There are no young men anywhere in today’s world who are coming to power to establish a system of political freedom. But there are many varieties of ambitious, power-lusting young statists of the Communist-Fascist kind, who have no political program save the use of violence, and no system, save the rule of brute force.
In the newer nations of the world, “the old slogans and the old delusions”—which those young men “cast off”—belonged to various kinds of old tyrannies (which they replace with new tyrannies of their own). But in America “the old slogans and the old delusions” to be “cast off” are the ideas and the principles of political freedom. And we ought to take Senator Kennedy’s word for the fact that he has cast them off.
“The only valid test of leadership,” he states, “is the ability to lead, and lead vigorously.”
Senator Kennedy does not specify.
To a civilized mind, that “where?” is the first test of leadership, by which one judges the qualifications of any would-be leader. But to Senator Kennedy, “vigor” is the only qualification necessary. Yet the vigor of a prizefighter is not the same thing as the vigor of a scientist—the vigor of a thug is not the same thing as the vigor of a thinker—the vigor of a dictatorship is not the same thing as the vigor of the President of a free country.
Which did he mean? Senator Kennedy does not specify.
“That is the question of the New Frontier,” says Senator Kennedy. “That is the choice that our nation must make—a choice that lies not merely between two men and two parties, but between the public interest and private comfort—between national greatness and national decline—between the fresh air of progress and the stale, dank atmosphere of ‘normalcy’—between dedication or mediocrity.”
Does this awaken any echoes in your memory? Do you remember who regarded “normalcy” as “mediocrity,” scorned “private comfort” in the name of “national greatness,” and demanded the production of guns instead of butter? It was Goering.
And this seems to be the key to the riddle of Senator Kennedy. Yes, he is opposed to communism. But is he opposed to it as an advocate of the American system—or as an advocate of some “new,” home-grown version of fascism which he seeks the power to establish?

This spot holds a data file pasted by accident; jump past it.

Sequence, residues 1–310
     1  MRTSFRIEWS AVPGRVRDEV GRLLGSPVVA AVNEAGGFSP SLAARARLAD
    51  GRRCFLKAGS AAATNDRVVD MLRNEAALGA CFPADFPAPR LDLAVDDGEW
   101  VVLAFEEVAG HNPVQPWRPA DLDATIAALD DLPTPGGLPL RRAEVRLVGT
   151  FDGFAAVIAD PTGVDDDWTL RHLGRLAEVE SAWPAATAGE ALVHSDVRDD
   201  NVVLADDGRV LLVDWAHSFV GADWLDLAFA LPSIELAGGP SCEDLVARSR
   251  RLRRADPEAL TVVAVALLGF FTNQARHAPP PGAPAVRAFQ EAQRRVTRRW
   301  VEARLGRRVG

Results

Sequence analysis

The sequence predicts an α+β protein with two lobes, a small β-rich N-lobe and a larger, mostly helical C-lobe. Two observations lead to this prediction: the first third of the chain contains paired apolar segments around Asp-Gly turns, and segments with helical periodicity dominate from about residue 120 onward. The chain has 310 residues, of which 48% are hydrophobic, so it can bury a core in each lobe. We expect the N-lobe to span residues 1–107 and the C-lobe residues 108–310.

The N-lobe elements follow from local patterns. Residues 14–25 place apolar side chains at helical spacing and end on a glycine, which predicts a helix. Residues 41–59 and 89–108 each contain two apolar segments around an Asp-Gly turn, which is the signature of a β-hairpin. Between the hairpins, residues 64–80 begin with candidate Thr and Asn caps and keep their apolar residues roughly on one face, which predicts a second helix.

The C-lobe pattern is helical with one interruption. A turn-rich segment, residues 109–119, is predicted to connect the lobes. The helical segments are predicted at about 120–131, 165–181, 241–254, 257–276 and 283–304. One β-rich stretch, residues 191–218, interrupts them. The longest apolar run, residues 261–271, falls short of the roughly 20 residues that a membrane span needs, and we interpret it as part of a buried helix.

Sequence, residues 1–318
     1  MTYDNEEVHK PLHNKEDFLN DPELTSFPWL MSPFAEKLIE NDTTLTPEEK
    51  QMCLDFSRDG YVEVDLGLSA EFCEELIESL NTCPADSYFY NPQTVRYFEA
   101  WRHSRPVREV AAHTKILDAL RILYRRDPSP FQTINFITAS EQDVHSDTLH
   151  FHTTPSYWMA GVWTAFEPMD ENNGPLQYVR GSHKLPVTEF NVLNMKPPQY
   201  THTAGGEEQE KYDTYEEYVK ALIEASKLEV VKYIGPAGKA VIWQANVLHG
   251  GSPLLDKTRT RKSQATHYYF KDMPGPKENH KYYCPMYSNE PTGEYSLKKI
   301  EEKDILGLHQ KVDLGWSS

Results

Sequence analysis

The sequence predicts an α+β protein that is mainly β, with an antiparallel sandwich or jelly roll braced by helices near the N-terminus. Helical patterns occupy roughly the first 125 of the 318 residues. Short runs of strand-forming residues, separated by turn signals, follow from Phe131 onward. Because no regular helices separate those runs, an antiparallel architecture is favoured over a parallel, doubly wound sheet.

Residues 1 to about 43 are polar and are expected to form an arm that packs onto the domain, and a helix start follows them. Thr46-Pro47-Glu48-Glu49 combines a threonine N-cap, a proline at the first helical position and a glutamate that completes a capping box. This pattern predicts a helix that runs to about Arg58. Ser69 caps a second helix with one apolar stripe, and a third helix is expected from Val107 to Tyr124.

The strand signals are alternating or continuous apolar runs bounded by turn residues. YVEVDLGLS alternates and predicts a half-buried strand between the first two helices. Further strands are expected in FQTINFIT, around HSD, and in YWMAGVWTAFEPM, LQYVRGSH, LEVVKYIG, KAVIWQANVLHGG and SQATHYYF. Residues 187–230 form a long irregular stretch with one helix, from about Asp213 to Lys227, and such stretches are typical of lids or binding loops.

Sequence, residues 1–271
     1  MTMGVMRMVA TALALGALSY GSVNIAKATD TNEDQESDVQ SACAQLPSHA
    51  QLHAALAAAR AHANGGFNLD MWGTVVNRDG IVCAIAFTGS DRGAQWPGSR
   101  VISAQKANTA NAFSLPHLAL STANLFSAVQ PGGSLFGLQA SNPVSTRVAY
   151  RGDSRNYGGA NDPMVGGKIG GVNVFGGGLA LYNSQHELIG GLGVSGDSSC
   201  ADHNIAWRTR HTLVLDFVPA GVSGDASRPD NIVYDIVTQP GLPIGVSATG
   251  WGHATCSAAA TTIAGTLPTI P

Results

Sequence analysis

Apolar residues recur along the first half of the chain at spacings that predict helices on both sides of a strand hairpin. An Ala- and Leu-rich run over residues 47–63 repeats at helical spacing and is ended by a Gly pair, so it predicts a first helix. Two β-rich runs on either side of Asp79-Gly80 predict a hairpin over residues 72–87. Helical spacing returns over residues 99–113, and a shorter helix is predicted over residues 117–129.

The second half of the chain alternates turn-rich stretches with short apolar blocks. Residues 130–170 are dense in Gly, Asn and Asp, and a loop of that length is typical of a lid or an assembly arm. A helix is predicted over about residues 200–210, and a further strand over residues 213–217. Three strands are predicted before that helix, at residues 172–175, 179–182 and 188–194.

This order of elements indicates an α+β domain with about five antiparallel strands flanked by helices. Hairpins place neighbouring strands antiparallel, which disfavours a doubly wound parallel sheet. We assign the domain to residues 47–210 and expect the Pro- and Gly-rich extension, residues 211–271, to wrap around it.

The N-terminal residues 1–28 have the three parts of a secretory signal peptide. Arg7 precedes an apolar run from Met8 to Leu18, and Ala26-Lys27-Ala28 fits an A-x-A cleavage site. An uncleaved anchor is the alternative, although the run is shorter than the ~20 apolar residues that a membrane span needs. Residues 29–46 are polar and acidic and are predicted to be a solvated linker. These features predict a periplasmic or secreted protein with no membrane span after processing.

His is not the line or the style of an advocate of the American system. The American system does not regard “private comfort” and “public interest” as opposites: it regards the “public interest” of a country as consisting of the “private comfort” of its citizens. The American system has achieved the highest standard of living ever known on earth, and its progress has raised that standard ever higher for all people on all economic levels. But that is what Senator Kennedy calls “national decline” and “the stale, dank atmosphere of ‘normalcy.’” What, then, is the “abnormalcy” he advocates? What does he regard as more efficient, more practical, more conducive to national greatness? There is only one alternative: the “single-mindedness” of a dictatorship.
His is not the line or the style of a liberal, nor of a middle-of-the-road’er, nor even a naive, old-fashioned Socialist—all of whom profess to hold the welfare, the comfort, the security of their citizens as the standard of the nation’s greatness.
When a man extols “leadership”—leadership without direction—leadership without any stated purpose, program or ideal—leadership for the sake of leadership—you may be sure that you are hearing the voice of a man motivated by power-lust. It is specifically the power-lust of the Fascist variety, because the Communists promised their victims an alleged social ideal, while the Fascists offer nothing but loose talk about some unspecified form of racial or national “greatness.”
And if one keeps this in mind, the nature of the “New Frontier” becomes intelligible, and the figure emerging from the Democratic National Convention seems to step out into a different light. Is it the figure of a bright young man, or is it the figure of an irresponsible young beatnik, a high-class beatnik, who, with unlimited means at his disposal, chose the power-game, as others choose hot-rod racing—for kicks?
That figure seems to suggest the image of a cynical young man, reared in an authoritarian tradition, in the post-New Deal era, who, substituting insolence for self-confidence, seeing nothing but the range of the immediate moment, brashly proclaims that political freedom is out, dead, old-fashioned or “square,” that dictatorships are here to stay, that the rule of brute force is the mode of the future—and who longs to get into the big league of the muscle-men, to run “a race for mastery of the sky and the rain, the ocean and the tides, the far side of space and the inside of men’s minds”—to “compete with the single-minded advance of the Communist system”—to compete in the art of enslavement, expropriation, mass slaughter and military conquest—and to justify it all by means of a mysterious “New Frontier” that turns out to be nothing but the shabby old “Wave of the Future.”
|illustrations: Ayn Rand photographed while Atlas Shrugged was nearing its publication date. (Photographer: Bob Sleppy)|
[Web site proprietor’s note: the text above has been corrected to add two end-quote characters where these failed to appear in the Human Events published version. I have retained the text as it appeared in the magazine insofar as “status quo” having a hyphen within it the first time the term is used but not the second and third.]
New content © 2010 David P. Hayes